The eagle that never flew

(To Mario Veronesi)

Although the Italian military leaders had always opposed the construction of aircraft carriers, following the attack on Taranto on the night of 11-12 November 1940 and the unfortunate air-naval day of 28 May 1941 (clashes of Gaudio and Matapan) which made particularly the effectiveness of the embarked aviation was evident, it was urgently decided to equip the Royal Navy with an aircraft carrier unit.

The head of the government Mussolini personally (but belatedly) ordered the chief of staff of the navy Cavagnari to provide for the rapid construction of an aircraft carrier which would have ensured air defense with its fighter aircraft.

The Royal Navy, in the plans of its most qualified exponents, had desired that aircraft carrier long before the war began, but it was always opposed. The war experience will demonstrate its indispensability in a modern war on the seas.

The chosen ship was the transatlantic Roma (following photo), as despite being a relatively recent ship it needed repair work and the installation of a new engine system and would therefore have been sold quite easily by the shipping company. The Roma it was built for the “Società Navigazione Generale Italiana” of Genoa, in the “G. Ansaldo & Co ”of Sestri Ponente, where she was launched on 26 February 1926.

It was not possible to think of a new design and construction that would have taken years, it was necessary to resort to the alternative of adapting an already existing steamship into an aircraft carrier, with a radical transformation.

A first project for the transformation of Roma had been ready since mid-1940 and the ship had also been requisitioned to undergo modifications, but inexplicably the order was revoked on 27 January 1941. The 1941 project envisaged leaving the ship's hull almost unchanged, in order to allow for rapid completion of the works. In general terms it was inspired by the one already prepared in 1932 for the construction of an aircraft carrier from scratch. After the disembarkation of many furnishings, the Roma it was delivered to the Royal Navy with a displacement of 21.000 tons.


1) During the transformation, the project should have increased the speed from 21 knots to 30.

2) Creation of rigorously watertight compartments with a robust structure inside the ship, capable of withstanding the explosion of underwater bombs.

3) Addition of a suitable number of anti-aircraft weapons.

4) Flight deck of sufficient length for the landing of fighter aircraft and catapults for their rapid take-off.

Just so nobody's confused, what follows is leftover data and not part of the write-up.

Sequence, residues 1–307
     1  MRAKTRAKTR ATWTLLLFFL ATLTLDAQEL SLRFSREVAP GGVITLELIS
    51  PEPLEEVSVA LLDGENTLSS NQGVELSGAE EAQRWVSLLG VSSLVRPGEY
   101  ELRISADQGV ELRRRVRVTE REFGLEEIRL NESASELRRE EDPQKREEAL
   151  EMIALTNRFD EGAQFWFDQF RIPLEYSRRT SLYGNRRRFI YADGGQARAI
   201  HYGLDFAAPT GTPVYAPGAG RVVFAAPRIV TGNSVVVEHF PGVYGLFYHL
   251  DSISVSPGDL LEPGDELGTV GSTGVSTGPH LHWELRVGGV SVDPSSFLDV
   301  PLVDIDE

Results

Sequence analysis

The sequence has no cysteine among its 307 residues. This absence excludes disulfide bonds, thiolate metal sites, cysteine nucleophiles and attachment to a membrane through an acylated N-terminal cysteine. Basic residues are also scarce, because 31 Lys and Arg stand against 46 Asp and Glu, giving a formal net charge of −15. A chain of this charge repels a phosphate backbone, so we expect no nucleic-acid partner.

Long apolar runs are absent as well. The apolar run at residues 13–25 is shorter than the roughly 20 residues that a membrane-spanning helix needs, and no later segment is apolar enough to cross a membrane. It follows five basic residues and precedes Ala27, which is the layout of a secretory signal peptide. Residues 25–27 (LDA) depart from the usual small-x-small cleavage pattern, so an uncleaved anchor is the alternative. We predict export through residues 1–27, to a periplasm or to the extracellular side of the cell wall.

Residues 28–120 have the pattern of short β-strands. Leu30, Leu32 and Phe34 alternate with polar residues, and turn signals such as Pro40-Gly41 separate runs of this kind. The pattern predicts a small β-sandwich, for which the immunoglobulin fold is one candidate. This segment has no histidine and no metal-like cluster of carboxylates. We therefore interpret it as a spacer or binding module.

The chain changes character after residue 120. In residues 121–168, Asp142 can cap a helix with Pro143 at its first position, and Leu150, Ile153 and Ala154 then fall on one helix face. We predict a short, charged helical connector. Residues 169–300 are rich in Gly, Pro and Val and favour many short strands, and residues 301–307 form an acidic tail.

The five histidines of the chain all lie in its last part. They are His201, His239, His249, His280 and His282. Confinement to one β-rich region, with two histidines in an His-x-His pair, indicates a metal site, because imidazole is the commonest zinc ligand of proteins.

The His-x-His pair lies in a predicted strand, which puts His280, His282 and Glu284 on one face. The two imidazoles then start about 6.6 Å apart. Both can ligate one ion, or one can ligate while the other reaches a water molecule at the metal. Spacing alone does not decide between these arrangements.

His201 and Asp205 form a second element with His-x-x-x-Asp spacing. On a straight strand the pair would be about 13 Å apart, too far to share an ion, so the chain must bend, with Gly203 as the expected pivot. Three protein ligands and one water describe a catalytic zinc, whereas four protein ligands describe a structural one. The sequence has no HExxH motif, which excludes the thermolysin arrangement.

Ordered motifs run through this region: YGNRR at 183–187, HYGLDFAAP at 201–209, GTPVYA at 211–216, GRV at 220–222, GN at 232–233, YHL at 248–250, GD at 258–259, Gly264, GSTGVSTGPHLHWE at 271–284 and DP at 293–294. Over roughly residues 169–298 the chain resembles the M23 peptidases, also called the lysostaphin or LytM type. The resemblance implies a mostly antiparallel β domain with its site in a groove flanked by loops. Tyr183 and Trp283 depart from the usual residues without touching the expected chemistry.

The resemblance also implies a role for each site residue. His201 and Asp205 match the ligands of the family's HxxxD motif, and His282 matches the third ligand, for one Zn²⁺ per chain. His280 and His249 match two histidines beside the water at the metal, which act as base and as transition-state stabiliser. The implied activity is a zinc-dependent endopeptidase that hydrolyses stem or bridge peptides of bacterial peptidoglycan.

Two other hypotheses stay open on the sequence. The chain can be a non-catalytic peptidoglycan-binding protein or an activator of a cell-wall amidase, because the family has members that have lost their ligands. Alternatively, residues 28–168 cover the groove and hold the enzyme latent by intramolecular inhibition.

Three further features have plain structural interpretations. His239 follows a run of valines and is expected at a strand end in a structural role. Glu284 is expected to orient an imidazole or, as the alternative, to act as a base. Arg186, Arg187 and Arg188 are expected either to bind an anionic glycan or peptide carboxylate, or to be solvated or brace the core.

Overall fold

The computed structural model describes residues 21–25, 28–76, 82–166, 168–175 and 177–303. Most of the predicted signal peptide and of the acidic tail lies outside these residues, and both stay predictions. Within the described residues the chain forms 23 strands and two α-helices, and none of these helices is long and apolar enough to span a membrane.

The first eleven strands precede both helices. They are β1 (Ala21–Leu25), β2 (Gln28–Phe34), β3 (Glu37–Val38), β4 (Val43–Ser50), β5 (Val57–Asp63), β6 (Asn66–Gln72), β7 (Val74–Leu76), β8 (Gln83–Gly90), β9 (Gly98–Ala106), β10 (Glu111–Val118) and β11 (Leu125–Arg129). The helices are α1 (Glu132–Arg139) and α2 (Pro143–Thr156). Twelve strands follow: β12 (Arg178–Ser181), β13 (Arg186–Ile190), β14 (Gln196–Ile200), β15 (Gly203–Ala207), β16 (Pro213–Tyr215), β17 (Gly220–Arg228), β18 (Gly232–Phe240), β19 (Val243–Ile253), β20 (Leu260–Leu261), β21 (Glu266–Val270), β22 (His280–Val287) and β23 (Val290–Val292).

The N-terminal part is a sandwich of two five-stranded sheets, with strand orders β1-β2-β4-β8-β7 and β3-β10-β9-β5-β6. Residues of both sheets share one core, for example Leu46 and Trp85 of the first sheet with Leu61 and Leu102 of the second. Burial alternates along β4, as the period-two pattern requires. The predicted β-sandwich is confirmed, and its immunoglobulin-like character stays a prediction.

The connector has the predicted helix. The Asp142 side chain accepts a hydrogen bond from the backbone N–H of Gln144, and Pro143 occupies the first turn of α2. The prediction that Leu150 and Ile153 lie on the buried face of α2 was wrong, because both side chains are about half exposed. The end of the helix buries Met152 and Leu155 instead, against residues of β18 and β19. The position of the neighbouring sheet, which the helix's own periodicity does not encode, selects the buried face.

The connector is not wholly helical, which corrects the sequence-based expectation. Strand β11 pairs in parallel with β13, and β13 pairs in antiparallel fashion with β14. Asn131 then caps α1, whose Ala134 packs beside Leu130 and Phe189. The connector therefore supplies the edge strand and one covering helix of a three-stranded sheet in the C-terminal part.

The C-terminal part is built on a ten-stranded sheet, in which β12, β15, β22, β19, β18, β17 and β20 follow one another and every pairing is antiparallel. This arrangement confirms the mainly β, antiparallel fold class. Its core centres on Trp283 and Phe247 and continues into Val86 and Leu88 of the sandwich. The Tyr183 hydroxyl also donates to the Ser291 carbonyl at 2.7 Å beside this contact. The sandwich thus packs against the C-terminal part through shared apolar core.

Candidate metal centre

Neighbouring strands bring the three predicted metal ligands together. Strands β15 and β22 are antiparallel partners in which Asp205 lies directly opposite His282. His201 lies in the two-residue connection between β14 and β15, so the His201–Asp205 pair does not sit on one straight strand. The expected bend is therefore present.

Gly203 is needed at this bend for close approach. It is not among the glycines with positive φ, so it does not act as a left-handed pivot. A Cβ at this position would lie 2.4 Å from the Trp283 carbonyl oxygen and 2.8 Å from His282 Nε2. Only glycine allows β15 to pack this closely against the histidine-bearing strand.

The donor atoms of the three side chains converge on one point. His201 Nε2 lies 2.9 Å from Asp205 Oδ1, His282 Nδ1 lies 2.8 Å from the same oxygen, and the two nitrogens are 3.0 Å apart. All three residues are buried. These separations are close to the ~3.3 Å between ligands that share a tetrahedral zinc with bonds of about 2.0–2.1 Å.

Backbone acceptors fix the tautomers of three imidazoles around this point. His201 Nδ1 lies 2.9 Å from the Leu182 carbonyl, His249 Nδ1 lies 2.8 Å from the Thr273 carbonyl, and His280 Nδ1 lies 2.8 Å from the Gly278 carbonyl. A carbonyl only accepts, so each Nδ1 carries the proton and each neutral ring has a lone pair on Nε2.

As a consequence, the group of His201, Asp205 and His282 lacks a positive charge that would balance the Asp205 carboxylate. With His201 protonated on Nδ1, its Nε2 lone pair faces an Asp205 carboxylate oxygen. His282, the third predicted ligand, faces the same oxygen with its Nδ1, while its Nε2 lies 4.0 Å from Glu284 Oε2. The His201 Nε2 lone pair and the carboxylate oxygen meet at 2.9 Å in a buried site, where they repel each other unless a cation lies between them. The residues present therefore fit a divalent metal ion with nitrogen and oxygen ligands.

5) Space on the lower decks for the necessary hangars, petrol stores, ammunition, etc.

A few years before the study of the new unit began, the number of “Capitani Romani” class cruisers, planned in 12 units, had been reduced. Therefore four individual engine systems intended for two of those units were used for theAquila.

The armament

THEAquila Like all aircraft carriers in the world, it had exclusively anti-aircraft and anti-torpedo armament.

The ready-made artillery of the "Capitani Romani" cruisers no longer built were used. In total the unit was equipped with:

- 8 135/45 naval guns distributed in the 4 quadrants.

12 65/54 naval and anti-aircraft guns distributed in the four quadrants

- 132 20 mm machine gun barrels distributed in the central area, and divided into 22 individual complexes.


The flight deck of the ship was mt. long. 211,60, with a maximum width of m. 25,20. The unit was supplied with two German-made “DEMAG” compressed air catapults for launching aircraft.

The aircraft that was expected to board was the "King. 2001"fixed wing, a good single-seat fighter aircraft, capable of developing an hourly speed of around 500 km, already in charge of the Regia Aeronautica, armed with two 12.7 mm machine guns and two 7.7 mm, but the version was also present night fighter with a 20 mm cannon, as well as the possibility of carrying a 640 kg bomb in the fighter-bomber configuration.

L'Aquila, never entered service. Already damaged during the fitting out in November 1942, on 8 September 1943 she was practically ready for testing and sea trials. On 9 September she was sabotaged and abandoned by the crew, and she fell into German hands.

On 16 June 1944 it was bombed in the port of Genoa by American planes, and finally on the night of 19 April 1945, it was attacked by assault vehicles of the Southern Italian Navy, to prevent the Germans from sinking it at the mouth of the port.

Towed by the English to Calata Bettolo, it remained there for a few years until in 1949 it was towed to La Spezia, awaiting a decision on its possible reuse for civilian uses, but having encountered the difficulty and high cost it was decided to demolish it, occurred in 1952.


1) Historical Office of the Navy – Italian ships of the line 1861-1961 – Rome 1962

2) Historical Office of the Navy - Historical Almanac of Italian Military Ships 1861-1995 – Rome 1996

Photo: Regia Marina / web